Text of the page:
In a continuing trend of talking about Green decks, I'd like to discuss something that's been floating around my playgroup for the last few weeks and, not surprisingly, has put up some sporadic results in competitive events recently. Namely, I'd like to look at Craterhoof Behemoth and the elves that make it work. When I first saw Craterhoof, during the Avacyn Restored spoiler weeks, I concocted a scheme to recreate my Eldrazi ramp deck in the new Standard format, with lots of one-mana elves, a playset of Elvish Archdruid and the most expensive spells I could find. Sadly, my own designs never came to fruition, and my Craterhoof Behemoths languish, unused in my binder. Fortunately, a certain Steve Butts picked up my slack and came to our weekly Magic session a few weeks back packing his own Craterhoof deck. Suffice to say, after watching him swing for nearly 30 trample damage on turn four, I was pretty impressed. He's been coming back for more turn four kills every week, and I've got to hand it to him, the deck is pretty consistent. You can see a slightly modified version of Steve's budget-friendly 'Trampelf' here.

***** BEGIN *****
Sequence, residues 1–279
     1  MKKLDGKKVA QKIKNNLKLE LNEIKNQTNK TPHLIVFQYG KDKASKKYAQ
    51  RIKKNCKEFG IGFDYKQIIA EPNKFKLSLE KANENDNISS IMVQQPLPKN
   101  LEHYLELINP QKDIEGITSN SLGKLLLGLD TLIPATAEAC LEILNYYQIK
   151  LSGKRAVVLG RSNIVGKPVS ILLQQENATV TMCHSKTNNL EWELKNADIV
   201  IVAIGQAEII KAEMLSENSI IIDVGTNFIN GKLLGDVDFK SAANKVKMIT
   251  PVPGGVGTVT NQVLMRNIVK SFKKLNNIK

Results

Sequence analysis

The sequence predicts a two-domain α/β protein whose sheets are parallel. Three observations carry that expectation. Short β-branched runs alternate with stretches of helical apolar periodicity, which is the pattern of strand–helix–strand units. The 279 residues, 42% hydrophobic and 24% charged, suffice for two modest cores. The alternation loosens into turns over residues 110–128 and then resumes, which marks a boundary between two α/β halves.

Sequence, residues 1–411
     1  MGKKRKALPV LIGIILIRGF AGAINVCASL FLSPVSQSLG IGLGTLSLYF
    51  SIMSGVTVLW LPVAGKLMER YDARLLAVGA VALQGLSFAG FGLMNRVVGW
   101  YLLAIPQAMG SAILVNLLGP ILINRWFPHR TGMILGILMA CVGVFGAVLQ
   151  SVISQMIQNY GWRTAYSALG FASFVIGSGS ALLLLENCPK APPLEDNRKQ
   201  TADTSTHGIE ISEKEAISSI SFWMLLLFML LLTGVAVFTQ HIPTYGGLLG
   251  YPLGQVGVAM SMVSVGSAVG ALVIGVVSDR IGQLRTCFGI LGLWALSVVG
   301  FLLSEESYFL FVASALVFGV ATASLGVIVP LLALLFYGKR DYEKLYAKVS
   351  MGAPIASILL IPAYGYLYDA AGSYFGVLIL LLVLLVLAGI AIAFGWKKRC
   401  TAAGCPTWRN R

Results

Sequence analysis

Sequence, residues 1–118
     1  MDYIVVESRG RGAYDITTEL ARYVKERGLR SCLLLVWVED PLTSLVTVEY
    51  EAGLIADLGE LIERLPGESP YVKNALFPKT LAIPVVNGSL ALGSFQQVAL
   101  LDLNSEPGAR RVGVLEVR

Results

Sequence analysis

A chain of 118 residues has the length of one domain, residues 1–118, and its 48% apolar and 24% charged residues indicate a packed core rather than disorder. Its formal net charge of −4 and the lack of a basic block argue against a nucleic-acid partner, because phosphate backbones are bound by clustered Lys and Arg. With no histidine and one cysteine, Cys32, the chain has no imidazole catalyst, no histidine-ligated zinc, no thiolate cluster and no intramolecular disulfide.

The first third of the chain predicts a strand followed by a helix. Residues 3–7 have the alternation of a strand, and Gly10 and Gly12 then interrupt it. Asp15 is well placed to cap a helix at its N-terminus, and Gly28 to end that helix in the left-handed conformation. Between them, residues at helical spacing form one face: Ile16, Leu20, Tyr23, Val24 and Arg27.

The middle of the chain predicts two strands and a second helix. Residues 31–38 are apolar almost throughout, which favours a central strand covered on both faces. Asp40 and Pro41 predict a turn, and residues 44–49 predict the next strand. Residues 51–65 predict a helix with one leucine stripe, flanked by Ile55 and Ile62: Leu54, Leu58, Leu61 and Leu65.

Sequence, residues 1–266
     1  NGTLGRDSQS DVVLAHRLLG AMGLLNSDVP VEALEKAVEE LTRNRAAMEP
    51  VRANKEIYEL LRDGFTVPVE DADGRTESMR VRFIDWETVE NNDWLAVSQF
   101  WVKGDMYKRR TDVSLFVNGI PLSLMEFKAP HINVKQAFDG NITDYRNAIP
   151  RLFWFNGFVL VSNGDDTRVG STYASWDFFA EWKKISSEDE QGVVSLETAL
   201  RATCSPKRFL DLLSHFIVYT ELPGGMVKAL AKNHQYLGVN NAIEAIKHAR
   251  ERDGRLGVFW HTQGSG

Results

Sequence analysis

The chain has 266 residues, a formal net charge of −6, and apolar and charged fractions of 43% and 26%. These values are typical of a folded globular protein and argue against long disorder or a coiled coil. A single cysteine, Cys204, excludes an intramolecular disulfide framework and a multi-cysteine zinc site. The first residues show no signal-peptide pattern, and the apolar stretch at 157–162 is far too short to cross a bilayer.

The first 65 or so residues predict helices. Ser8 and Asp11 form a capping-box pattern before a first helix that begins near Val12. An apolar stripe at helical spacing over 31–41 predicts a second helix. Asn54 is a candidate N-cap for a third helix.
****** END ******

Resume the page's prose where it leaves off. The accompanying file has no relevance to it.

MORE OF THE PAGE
The competitive scene has caught on as well, with three recent Top 4 showings from decks sporting their very own Behemoths. As a man on a budget, however, I can't often afford these decks as they are, so I'd like to go over Steve's brew this week, what makes it tick, what makes it affordable, and why you're not losing much by foregoing the more costly cards. To be sure, this is not a typical 'Budget' deck article, in that I'll be using plenty of Rares, but, excepting the namesake Craterhoof Behemoth, I'm aiming to keep the value of each individual card at less than $1. If you're into a $50 deck that wins on turn four, read on!
First, let's talk about the game plan. We want to cast a turn-one mana elf, like Llanowar Elves or Arbor Elf, so those are both natural 4-of inclusions. This will enable our turn-two Elvish Archdruid, buffing our first elf, and getting us on track for a turn-four win. Third turn, we'll want to cast whatever other elves we have in hand, ideally dropping at least two more elf-type creatures. Finally, turn four, we tap four lands and an Elvish Archdruid, cast Craterhoof Behemoth and swing for the win. More competitive decks likely eschew this sort of all-in game plan in favor of something a bit more resilient to hate cards like Fog and the more common Dissipate, which both absolutely crush the perfect curve. As such, we'll be doing the same.